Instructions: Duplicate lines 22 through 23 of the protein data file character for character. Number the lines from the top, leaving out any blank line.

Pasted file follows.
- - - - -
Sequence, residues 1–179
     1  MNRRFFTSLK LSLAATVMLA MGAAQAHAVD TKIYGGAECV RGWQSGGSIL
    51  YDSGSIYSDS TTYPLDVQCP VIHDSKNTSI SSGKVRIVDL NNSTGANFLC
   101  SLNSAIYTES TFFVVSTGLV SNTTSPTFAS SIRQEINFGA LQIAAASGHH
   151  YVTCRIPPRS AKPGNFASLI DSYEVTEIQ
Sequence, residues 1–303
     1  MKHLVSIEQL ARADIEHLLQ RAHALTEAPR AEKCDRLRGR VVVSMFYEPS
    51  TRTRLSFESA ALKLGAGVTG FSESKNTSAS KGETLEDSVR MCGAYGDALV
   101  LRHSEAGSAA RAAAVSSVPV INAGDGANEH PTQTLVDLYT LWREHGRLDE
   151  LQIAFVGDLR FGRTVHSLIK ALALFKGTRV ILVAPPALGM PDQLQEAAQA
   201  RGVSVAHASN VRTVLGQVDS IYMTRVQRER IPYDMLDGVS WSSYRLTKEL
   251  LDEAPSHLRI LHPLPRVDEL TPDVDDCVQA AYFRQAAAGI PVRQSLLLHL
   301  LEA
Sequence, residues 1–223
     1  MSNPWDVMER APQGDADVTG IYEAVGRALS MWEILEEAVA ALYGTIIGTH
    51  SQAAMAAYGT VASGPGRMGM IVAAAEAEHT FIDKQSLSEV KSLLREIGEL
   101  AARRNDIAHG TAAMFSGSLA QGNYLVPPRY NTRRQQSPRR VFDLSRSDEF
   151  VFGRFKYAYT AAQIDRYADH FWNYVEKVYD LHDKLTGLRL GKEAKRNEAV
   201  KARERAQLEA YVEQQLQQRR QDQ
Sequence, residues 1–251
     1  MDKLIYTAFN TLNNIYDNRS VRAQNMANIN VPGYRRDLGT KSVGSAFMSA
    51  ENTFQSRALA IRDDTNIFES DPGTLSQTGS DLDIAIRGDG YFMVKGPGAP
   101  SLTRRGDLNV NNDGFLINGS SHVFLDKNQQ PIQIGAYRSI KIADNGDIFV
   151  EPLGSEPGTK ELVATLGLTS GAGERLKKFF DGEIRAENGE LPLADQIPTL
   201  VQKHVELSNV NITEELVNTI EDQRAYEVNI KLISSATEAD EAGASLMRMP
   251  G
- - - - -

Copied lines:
    51  ENTFQSRALA IRDDTNIFES DPGTLSQTGS DLDIAIRGDG YFMVKGPGAP
   101  SLTRRGDLNV NNDGFLINGS SHVFLDKNQQ PIQIGAYRSI KIADNGDIFV